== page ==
Winning over Italy

A "heel to toe" look at Italy by C.C. Winning

The Eyes Have It.


It was last Thursday, mid morning.  I was patiently forming a queue of 1 in my bank’s local branch when the entrance capsule opened to receive the branch manager.  He walked over to me, shook my hand and with a big smile said,  “nice to see you, how are you today?”  After my assurance that, indeed, all was well he then repeated the exercise with the chap already being attended to at the counter before trotting off to his office.  The last time I witnessed anything so personal and sincere in a bank was the best part of, well, let’s say many  years ago when I tagged along with my dad while he sought some advice about a planned purchase.  I’m even sure I was allowed to take a toy to keep me out of trouble.  Those forgotten days when a bank manager had the expertise and authority to advise without recourse to a mainframe and without the need to complete a targeted insurance sale.  The moment served to bring into focus the experience I’ve had in becoming a functioning member of the Italian community.

To establish my new status and to cross over to another system I had to complete the following game levels;  obtain codice fiscale (tax and insurance code), open bank account, gather ID card, win driving license. 

Like all of you I’m sure, I’d been warned about the infamous red tape in Italy, so my expectations on completing these tasks in less than a few months were a shade low.  However, and I fib not, the whole list from start to finish was accomplished in less than a day…without once lifting a telephone.  In Calabria they have an office and, more importantly, a real person for everything you need.

Allora, first up and an early start, codice fiscale.  This, I’ve since discovered, is the key to all doors in Italian dungeons and dragons and subsequently the most important.   So, in hindsight, it was very lucky it was top of the list.   I Left the house to go to the Reggio office at 8.15am and was back home by 9.45am, job done including travel time.   Surely to catch me unawares!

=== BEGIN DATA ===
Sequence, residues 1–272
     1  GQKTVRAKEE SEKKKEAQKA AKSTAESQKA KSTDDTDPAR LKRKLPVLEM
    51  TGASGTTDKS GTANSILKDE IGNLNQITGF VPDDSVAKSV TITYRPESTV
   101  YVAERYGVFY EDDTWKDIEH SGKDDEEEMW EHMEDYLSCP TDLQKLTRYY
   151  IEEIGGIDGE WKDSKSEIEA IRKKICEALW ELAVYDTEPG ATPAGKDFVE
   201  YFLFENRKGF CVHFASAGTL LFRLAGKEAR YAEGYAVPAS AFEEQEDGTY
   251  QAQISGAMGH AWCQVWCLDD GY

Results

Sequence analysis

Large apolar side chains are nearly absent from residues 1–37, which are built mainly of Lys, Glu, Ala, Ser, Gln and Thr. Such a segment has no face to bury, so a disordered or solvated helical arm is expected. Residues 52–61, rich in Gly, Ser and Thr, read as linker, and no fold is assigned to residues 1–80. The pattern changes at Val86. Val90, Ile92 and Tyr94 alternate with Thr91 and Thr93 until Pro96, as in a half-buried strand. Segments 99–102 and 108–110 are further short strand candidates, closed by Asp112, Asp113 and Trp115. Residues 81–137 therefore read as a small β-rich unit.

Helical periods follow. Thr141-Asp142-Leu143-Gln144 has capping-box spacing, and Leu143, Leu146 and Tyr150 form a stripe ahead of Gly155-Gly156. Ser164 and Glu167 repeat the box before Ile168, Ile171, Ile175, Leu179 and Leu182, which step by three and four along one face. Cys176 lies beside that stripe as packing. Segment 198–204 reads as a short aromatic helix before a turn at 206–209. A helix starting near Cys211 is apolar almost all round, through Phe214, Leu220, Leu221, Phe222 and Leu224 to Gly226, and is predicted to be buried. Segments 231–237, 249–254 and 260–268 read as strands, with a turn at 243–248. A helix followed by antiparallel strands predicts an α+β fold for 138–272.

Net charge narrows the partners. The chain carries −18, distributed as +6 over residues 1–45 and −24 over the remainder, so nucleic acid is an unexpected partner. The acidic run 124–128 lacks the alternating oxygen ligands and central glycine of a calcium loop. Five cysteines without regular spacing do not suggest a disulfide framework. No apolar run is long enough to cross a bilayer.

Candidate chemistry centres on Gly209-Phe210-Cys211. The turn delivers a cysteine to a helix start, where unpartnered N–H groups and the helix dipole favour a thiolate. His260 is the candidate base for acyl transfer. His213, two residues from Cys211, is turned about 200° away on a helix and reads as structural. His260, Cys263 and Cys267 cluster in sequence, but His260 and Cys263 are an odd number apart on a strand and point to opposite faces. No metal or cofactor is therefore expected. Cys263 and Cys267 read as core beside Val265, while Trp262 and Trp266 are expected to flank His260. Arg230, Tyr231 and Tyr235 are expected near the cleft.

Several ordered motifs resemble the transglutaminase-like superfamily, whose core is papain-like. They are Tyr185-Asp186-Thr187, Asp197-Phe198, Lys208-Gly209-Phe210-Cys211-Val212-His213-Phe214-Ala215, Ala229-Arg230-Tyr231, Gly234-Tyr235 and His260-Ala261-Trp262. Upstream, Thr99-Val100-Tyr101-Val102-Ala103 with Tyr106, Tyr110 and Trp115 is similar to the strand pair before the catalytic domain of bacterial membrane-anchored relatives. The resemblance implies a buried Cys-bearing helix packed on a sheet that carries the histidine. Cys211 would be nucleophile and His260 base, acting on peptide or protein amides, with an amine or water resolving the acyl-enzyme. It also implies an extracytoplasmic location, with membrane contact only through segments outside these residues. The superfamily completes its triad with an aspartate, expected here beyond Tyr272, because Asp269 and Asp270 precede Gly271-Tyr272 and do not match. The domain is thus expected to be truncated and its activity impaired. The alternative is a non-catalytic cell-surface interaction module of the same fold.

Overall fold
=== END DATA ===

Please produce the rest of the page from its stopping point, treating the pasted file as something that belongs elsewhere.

Second step, bank account.  Interview with the manager, complete forms, deposit funds and walk out complete with activated debit card…45 minutes, including hand shake and welcome to the bank.  Too easy!

Step three coffee, before going to photo shop for mug-shots for ID card and driving license.  Total time and cost, about 10 minutes and 5.7 euros.   This, I have to say, is where the story becomes just a little more “Calabrian.” 

To apply for an ID card one has to go to the local municipal office, which in my case is only a short stroll from the photo shop.  In Pellaro you climb a few steps from the street into a small, square and very old-fashioned building which surrounds a tiny courtyard.  There’s no reception counter to speak of, so you make your way round the quad till you find someone who looks vaguely as if they belong.   I was shown into a council-plain room with yellow gloss walls, a few old and battered bookcases and a huge heavy-looking wooden desk.   From a cracked leather chair the chief  “funzionario” stood up, greeted me warmly and offered me a seat while he opened a drawer and pulled out the necessary forms, suspiciously as if he’d been expecting me.   Name, address, phone number, place of birth and occupation.  No need here, nor the bank by the way, to explain my movements over the last 10 years, my employer’s details nor income.  No need to feel that there’s a check going on against the national police databank, just in case.  ‘Till, that is, it comes to your personal appearance.  This is where it gets serious.

 “Hair colour?” .


“Hmmm, think we’ll put grey”

“Oh!” The realisation of age catching me up as I stroke what little hair cover I have left.  “Okay then, I suppose.”


“5ft 10”

“Eh?  Aah, of course!  In meters please”

“I’m afraid I don’t know”

We got up and moved to the next room where there was a door frame with a few notches marking out centimetres from the 30cm level up to the top of the frame (what they have to measure at 30cm still has me puzzled from time to time).  We established my height in European….1.77m, then returned to our seats at the desk.

“Ohkaaay, colour of eyes?”  And, deciding not to take my word for it, he leans over and stares at me intently for a moment.  “Green!” He declares.

“Are you sure?  I would have said brown.”

“Mmmm.  Wait a moment”.  He gets up and calls to someone in the next office.  “Can you come in here and check something for me”.

A female colleague arrives and looks straight into my eyes.  “Brown.”

“Brown?  No way!  They’re definitely green”

“Rubbish!  I say brown”

Not happy with a split vote,  he lifts the phone and summons a further two employees (or employee and other customer, I’m not sure).